Opposition women's rights rally 311.
(photo credit: Itzik Edri/Dover Kadima)
Culture and Sport Minister Limor Livnat joined an opposition- led rally to stop
discrimination against women on Wednesday, calling for the government to take
action against the phenomenon.
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The event, originally planned by Labor’s
young guard, began with a march from the Supreme Court to the Knesset, during
which MKs and activists held torches and quoted the well-known Hanukka song
“Banu Hoshech Legaresh” (we’ve come to dispel the darkness).
Most of the
MKs participating in the demonstration were from Kadima, including opposition
leader Tzipi Livni. Meretz and Labor MKs were also present, though Labor
leader Shelly Yacimovich, who spoke out against the “terrible regression” in
women’s rights on Channel 2 that day, was conspicuously absent.
who leads the Interministerial Committee on the Status of Women, joined the
protesters when they reached a Knesset conference room, saying discrimination
has become more common and extreme recently, and that it is a form of violence
At the same time, Livnat warned against turning women’s
rights into a political issue, saying many others in Likud agree with her, but
probably felt uncomfortable attending an event where Kadima, Labor and Meretz
MKs bashed the government.
“Only if we leave politics aside, will we be
able to eliminate this dangerous phenomenon,” Livnat said. “Let’s join hands and
fight the exclusion of women from the public sphere.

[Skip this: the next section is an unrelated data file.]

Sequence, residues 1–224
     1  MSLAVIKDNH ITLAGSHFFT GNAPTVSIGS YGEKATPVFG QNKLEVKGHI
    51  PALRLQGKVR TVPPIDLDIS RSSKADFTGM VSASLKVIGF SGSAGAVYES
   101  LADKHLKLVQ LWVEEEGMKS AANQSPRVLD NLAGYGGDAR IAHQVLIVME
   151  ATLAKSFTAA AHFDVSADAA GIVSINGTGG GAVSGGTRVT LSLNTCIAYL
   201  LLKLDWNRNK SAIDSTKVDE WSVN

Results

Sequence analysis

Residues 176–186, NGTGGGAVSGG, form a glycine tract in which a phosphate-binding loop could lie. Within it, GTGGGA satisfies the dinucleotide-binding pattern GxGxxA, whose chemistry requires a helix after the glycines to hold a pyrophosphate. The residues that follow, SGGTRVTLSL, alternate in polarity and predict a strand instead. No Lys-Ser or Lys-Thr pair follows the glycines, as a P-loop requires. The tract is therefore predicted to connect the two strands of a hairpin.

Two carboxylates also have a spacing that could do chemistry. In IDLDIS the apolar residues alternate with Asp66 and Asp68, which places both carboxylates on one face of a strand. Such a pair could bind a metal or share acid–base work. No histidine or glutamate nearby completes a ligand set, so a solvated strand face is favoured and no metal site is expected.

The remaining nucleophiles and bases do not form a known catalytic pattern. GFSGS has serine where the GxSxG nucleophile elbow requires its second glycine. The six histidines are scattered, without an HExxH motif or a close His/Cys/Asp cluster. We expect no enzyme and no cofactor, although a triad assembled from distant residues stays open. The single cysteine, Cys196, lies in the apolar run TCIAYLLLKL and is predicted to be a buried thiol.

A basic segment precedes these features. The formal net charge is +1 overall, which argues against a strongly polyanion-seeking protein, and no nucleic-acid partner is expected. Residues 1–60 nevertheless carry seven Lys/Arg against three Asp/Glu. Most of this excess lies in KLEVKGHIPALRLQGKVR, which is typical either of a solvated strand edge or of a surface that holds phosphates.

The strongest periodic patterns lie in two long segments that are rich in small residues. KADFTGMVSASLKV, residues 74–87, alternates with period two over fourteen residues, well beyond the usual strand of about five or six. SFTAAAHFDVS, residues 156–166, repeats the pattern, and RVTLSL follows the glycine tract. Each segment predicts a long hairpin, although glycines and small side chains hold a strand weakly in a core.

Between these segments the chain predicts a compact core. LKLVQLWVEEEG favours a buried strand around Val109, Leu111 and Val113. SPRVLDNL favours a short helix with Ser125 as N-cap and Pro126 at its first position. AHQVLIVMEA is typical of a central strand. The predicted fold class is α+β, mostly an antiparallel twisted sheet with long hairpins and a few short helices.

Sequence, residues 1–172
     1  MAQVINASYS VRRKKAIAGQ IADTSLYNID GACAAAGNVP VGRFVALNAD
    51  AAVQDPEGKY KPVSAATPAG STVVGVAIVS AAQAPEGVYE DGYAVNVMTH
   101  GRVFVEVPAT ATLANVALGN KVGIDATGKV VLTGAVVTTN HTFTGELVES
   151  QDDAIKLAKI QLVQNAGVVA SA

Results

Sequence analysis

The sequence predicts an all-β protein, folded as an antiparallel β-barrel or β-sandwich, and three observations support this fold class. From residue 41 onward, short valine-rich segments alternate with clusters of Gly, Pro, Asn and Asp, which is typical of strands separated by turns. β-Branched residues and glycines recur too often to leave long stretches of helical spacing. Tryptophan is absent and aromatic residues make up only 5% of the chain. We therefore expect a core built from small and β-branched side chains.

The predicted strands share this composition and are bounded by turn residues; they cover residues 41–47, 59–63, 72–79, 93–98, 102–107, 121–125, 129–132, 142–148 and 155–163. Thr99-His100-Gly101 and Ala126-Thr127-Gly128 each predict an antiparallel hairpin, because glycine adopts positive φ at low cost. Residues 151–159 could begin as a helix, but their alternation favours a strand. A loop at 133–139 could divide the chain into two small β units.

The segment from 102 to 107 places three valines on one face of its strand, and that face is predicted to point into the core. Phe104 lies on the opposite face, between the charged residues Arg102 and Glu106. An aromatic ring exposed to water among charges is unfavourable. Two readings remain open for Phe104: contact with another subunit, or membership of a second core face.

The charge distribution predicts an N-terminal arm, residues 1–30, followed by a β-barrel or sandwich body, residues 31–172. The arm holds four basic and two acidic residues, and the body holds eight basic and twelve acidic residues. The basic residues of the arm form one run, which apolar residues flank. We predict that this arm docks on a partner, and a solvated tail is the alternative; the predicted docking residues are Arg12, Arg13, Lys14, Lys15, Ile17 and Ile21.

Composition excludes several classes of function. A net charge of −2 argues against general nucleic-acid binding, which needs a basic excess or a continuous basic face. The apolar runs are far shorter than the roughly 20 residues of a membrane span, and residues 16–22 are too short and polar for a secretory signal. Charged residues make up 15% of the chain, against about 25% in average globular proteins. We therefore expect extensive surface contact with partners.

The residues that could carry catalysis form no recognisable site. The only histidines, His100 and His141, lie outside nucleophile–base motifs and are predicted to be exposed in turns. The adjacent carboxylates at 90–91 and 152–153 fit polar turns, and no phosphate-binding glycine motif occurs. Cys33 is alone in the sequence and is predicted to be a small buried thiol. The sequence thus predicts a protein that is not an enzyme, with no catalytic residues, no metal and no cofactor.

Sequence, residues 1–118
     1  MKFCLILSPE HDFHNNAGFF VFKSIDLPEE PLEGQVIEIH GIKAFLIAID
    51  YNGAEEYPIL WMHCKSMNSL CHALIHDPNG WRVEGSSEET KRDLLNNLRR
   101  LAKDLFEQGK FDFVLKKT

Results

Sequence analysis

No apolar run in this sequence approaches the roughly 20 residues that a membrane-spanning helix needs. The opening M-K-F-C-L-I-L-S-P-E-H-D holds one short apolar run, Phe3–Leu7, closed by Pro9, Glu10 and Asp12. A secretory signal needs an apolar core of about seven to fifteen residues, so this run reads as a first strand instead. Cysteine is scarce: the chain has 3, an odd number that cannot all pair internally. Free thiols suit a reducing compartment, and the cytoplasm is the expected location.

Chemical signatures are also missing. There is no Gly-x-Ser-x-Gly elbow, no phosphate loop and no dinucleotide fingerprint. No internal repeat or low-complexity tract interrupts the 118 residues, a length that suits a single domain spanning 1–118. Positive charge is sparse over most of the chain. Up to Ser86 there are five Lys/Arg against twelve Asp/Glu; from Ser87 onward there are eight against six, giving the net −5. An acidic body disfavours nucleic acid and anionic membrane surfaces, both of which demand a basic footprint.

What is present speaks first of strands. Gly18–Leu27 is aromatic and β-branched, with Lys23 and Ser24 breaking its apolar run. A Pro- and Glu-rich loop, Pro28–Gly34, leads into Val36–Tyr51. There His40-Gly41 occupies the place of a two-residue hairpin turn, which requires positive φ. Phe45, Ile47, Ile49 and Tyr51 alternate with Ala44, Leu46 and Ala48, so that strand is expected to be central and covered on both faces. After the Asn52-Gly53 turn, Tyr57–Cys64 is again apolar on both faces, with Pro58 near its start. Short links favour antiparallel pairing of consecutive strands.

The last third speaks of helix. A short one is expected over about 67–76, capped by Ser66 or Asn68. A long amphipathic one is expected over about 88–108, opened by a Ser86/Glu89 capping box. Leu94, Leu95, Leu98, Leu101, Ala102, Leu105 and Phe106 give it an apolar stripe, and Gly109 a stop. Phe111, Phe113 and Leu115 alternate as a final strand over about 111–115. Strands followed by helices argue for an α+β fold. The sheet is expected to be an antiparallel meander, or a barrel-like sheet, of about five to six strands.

The Kadima leader
commended Tania Rosenblit, who attended the rally after becoming famous earlier
this week for refusing to move to the back of a gender-segregated bus, for her
courage in running her life without allowing others to dictate
“Hanukka is a holiday of light, but a great darkness has fallen on
Israel,” Livni began her speech to the demonstrators.
discrimination against women, “price tag” attacks and bills seeking to limit the
Supreme Court’s power are all related. She called for the public to hold up the
torch of enlightenment and liberalism to protect Israel as a Jewish and
Rosenblit asserted she deserves the freedom to express
herself, sit where she wants, dress the way she wants and eat what she wants as
long as she is not harming anyone.
However, she said, her rights have
been taken away in order to be sensitive to others.
MK Shaul Mofaz
(Kadima) said he found it unfortunate this problem became public because of an
IDF ceremony, in which religious soldiers walked out rather than hear a woman
He said when he was IDF chief of staff, he worked to make as many
army positions available to women as possible, and called for the government and
the IDF to ensure women and men have equal opportunities.
“This is a
democratic state,” Mofaz said. “We cannot let any group, small as it may be, to
set us back to darker days. We must declare this every day.”
Herzog (Labor) said the demonstration is to defend the country’s character, and
that he is appalled that women’s rights even have to be on the agenda, because
they should be obvious to all.
Herzog said his grandfather, the first
Ashkenazic chief rabbi of the State of Israel, Isaac Herzog, never had a problem
participating in ceremonies with women, even in “the most important events of
Rabbi Refael Feuerstein of the Zionist rabbinical organization
Tzohar said discrimination against women is a “desecration of God’s name”
because it “makes the face of Judaism ugly.” Feuerstein said at the
demonstration that Tzohar seeks to make Judaism something that can connect the
people of Israel and appeal to those who aren’t religious as well.
rabbi called for those fighting for women’s rights to make sure they do so in a
way that will increase, and not destroy, solidarity between citizens.